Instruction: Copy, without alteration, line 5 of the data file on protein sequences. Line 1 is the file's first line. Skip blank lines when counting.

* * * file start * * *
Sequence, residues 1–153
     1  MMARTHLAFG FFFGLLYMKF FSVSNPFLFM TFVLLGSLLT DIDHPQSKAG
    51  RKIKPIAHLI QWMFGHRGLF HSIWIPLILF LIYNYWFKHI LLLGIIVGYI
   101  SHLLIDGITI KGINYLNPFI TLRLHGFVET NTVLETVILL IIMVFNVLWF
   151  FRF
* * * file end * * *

   151  FRF